Climate change is also a natural process on the planet that has occurred throughout the evolution of the Earth, but it has accelerated dramatically in recent years due to the disproportionate increase in greenhouse gas emissions.

How does the greenhouse effect affect us?

The greenhouse effect cycle is altered when infrared thermal radiation from the Earth’s surface is absorbed by GHGs, which are in higher concentration suspended in the atmosphere and cause them to re-irradiate to the surface and the lower atmosphere.

This is where two concepts come in that have been the product of debates, agreements, global commitments and, in general, of great concern. They are global warming and climate change. They should not be confused, but should be understood very well in order to be attentive to the measures that countries must take if they want to slow down and avoid the consequences produced by GHGs.

Greenhouse emanations are responsible for the accumulation of gases in the atmosphere and, consequently, the Earth is warming. These gases emitted by human activity are mainly:

  • Carbon dioxide CO2: product of the burning of fossil fuels, is responsible for more radiation and consequently the temperature is altered.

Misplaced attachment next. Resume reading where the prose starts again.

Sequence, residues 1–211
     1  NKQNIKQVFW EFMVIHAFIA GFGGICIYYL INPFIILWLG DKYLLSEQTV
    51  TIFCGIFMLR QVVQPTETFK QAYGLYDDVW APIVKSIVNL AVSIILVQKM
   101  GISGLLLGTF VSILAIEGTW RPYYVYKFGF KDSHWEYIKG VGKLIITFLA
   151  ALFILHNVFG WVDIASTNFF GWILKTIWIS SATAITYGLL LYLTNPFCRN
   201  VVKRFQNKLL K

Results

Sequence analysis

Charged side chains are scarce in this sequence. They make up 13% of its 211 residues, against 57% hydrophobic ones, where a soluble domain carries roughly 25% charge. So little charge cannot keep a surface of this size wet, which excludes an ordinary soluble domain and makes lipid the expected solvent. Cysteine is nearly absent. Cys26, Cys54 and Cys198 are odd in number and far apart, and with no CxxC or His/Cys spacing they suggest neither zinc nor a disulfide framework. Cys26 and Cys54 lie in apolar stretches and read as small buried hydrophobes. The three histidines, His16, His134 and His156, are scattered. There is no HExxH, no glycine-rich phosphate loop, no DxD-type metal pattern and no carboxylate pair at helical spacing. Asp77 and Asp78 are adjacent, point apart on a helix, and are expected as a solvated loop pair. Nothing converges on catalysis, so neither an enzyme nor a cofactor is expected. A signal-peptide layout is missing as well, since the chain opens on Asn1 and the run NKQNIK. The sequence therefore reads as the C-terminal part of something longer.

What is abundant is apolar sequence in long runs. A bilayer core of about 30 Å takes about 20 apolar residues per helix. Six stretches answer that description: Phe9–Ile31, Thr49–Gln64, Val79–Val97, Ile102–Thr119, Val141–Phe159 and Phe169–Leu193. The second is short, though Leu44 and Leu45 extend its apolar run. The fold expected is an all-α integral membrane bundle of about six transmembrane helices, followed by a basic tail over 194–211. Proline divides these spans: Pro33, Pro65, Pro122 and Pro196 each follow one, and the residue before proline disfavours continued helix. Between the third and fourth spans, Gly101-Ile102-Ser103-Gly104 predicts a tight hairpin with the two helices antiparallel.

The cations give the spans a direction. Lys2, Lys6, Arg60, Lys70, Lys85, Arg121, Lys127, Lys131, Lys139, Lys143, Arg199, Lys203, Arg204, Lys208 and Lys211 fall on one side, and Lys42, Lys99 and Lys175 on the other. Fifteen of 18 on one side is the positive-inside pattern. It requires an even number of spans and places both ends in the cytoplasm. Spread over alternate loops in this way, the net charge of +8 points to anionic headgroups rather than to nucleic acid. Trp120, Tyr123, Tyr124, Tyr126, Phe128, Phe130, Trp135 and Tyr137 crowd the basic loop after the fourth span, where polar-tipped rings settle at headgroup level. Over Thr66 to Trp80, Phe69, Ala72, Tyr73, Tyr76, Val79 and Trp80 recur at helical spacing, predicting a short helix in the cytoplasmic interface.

• The methane gas or CH4: it is produced from the decomposition of organic matter, mainly by raising livestock, and is one of the components of natural gas used as fuel for domestic and industrial purposes.
  • The tropospheric ozone (different from stratospheric ozone, which is present in the atmosphere): it is produced by vehicles, expelled through their exhaust pipes.
  • The nitrogen oxides, NOx: they are the product of the composition of nitrogen monoxide (NO) or nitric oxide, and nitrogen dioxide (NO2). It is generated by combustion that takes place at high temperatures, as in motor vehicles and power plants.
  • The chlorofluorocarbons CFC: they are found to a lesser extent in the atmosphere, but they cause serious consequences to the greenhouse effect.

All these emanations are responsible for making the atmosphere more dense and preventing gases from going out into outer space, returning and staying, and the phenomena of Climate Change and Global Warming occur.